Surprise! You May Have Windows 10 on Your PC Even if You Don’t Want It
User choice? How quaint.
Microsoft is facing criticism this morning after it emerged that the company forced Windows 7 and Windows 8 users to automatically download, though not automatically install, Windows 10 even if these users said they didn't want the upgrade.
While Windows 10 was generally well-received by critics (I use it on a PC I built, and it's fine!), the storage space (to say nothing of the potential bandwidth cost) required to download the update is not insignificant, generally weighing between 3.5GB and 6GB. What's Microsoft's justification for directly flouting the express wishes of these users who declined to upgrade to Windows 10? It's trying to be helpful, of course.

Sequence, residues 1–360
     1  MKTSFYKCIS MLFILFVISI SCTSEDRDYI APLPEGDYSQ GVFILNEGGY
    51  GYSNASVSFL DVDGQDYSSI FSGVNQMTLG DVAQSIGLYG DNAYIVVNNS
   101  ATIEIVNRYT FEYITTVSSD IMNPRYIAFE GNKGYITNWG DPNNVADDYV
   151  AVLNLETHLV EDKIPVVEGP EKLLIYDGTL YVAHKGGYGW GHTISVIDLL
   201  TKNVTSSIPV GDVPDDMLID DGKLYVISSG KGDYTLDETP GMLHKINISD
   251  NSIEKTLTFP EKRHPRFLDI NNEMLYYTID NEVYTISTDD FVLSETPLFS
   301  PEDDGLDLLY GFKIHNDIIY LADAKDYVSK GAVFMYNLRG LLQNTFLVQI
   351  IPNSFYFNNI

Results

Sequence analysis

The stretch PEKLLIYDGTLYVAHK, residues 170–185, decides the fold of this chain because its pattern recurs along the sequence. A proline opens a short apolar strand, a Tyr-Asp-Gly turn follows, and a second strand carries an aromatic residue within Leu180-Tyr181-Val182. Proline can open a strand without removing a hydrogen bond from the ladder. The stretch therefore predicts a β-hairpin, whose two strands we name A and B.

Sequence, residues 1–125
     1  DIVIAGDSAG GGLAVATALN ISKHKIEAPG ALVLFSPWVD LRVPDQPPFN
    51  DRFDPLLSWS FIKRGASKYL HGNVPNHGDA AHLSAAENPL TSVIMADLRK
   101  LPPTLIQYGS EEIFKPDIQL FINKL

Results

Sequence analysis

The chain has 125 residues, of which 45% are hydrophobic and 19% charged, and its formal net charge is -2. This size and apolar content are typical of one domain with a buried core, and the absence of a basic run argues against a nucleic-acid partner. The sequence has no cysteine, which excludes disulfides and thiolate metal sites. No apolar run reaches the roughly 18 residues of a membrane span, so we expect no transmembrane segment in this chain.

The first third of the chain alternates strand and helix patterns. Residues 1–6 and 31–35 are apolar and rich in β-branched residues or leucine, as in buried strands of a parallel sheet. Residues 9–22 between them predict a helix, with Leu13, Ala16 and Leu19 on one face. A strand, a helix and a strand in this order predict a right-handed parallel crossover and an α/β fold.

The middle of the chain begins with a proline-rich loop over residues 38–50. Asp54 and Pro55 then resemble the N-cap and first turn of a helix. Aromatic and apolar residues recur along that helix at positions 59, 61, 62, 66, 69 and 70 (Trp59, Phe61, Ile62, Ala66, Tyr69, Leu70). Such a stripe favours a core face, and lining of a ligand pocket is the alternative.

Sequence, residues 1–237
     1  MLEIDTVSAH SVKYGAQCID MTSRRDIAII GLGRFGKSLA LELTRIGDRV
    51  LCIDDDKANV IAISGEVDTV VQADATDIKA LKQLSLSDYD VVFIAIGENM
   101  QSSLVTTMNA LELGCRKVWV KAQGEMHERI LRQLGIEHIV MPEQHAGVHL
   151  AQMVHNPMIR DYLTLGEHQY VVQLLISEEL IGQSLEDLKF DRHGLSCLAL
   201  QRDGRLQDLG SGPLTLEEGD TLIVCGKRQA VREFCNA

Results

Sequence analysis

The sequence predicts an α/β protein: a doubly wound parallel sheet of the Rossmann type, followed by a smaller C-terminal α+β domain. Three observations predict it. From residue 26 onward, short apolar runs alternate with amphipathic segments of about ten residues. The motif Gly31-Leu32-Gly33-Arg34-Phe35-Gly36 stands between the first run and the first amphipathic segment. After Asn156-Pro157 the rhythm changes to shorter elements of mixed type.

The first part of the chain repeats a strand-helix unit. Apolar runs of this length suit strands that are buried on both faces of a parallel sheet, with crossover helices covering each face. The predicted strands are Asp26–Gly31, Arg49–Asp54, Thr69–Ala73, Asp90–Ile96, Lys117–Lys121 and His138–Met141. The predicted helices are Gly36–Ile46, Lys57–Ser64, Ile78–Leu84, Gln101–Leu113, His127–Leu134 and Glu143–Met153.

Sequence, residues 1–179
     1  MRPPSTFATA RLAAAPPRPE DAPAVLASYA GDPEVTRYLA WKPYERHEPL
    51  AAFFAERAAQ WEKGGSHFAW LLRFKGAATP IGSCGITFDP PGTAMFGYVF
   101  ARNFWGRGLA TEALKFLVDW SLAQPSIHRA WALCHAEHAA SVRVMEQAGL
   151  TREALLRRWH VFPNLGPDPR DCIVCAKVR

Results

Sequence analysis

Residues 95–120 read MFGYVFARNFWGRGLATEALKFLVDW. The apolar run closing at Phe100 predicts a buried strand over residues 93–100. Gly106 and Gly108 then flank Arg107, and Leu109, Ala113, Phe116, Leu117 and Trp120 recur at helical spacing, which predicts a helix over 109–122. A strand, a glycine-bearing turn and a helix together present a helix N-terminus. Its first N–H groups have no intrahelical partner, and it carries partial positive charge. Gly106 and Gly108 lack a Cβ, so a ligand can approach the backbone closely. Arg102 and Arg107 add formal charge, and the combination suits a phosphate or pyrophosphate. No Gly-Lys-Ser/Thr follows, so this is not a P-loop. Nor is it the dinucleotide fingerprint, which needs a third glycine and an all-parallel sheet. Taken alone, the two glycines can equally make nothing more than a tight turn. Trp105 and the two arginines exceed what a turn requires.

"For individuals who have chosen to receive automatic updates through Windows Update," Microsoft said in a statement, "we help upgradable devices get ready for Windows 10 by downloading the files they'll need if they decide to upgrade."
Windows Update typically pushes out security patches and the like, not multi-gigabyte operating system upgrades.
Microsoft was keen to stress that while the Windows 10 update file may be automatically downloaded, actually upgrading to the new operating system is still entirely the choice of the user.
This isn't the first time Microsoft has run into criticism regarding Windows 10, with privacy activists taking issue with certain aspects of the operating system, including the amount of data required to use Cortana, the company's Siri-like digital assistant, and how it stores encryption keys.